Conformity in Edith Wharton's The Age of Innocence Essay

1292 Words 6 Pages
The pressure of conformity affects individual expression and varies in degrees in which it impacts an individual’s life. Regardless of time period, conformity is able to force individualists to abide by the social standards inculcated into society and deemphasize the importance behind individualism. In the 1920s, New York City adopted a structure parallel to conformity in its figurative hierarchy after the grief and devastation of World War I. With fear of the unknown, a reestablishment of tradition and routine followed, including an adaptation to the use of silences. The individuals with class and power used silence as a vehicle to conform and unify but, free-willed individuals gave another purpose to silence. It became a tool to express …show more content…
Likewise, they continued to suppress the individual as they developed using silence as a method of control to build up their “class-conscious conservatism” that unknowingly evaded the moral standards of the modern time (Burt). New York was incapable of opening its eyes and finding meaning in its world; the people “could only look blankly at blankness,” unable to find purpose behind the unpleasant (Wharton 28). Society spreads unpleasantry through gossip and rumor to alienate different and innovative individuals to ultimately stifle the revelation of a changing world. Society reflects one of its pitfalls when involving itself in the infliction its own unpleasant nature on the individual, defeating its own initial purpose of censoring the disagreeable. The systems within society avoid the harsh truths of their lack of integrity while being hypocritical of their own principle; they continue to defend a false sense of security that existed within the boundaries of conformity. To accentuate their disparity, Wharton generates a symbol of aversion and controversy that displays the invisible evils that New York has to offer.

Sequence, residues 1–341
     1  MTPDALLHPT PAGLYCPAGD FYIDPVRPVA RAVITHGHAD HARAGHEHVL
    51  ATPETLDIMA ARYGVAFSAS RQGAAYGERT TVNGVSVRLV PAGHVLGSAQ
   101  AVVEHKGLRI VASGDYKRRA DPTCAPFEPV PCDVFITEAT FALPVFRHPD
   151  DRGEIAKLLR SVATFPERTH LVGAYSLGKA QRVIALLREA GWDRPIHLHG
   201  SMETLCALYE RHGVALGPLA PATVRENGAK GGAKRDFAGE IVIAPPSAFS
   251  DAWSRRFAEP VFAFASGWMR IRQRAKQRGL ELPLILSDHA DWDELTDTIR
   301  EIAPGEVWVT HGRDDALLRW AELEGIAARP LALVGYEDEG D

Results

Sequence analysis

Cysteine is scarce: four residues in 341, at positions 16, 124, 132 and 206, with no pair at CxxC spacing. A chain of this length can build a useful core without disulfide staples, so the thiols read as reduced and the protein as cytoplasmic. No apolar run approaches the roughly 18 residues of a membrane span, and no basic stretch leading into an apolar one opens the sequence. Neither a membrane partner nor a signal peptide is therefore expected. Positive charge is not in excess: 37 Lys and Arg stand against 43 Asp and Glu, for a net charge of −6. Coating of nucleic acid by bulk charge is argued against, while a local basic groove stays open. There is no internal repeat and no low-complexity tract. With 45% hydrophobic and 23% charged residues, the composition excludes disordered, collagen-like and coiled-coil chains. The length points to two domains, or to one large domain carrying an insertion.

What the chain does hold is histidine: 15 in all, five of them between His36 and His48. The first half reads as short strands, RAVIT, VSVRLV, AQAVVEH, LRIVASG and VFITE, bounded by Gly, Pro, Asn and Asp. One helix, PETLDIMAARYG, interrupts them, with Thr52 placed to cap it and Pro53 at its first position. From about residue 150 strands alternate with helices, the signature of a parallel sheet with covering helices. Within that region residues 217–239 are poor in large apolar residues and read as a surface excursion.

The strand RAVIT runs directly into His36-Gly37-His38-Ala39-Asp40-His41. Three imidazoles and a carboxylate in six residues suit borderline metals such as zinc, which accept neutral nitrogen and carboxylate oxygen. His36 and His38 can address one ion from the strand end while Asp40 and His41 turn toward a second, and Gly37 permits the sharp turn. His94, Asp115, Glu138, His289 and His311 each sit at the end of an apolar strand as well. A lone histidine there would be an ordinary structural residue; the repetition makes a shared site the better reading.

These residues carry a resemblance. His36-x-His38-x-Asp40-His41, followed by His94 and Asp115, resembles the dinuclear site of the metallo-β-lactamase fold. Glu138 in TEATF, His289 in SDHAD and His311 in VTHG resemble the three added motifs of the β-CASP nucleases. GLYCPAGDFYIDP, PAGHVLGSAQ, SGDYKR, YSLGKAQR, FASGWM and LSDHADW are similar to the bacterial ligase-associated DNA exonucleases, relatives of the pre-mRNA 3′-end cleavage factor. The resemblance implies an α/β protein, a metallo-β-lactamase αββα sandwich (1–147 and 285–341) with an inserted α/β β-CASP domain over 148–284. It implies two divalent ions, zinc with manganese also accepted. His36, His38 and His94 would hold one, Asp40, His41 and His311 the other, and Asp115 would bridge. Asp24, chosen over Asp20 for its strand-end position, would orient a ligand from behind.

To illustrate the nature in which New York applies these silences, Wharton introduces a female character that symbolizes all the ideas and innovations that New York feared most.
Countess Olenska represents the force of
Open Document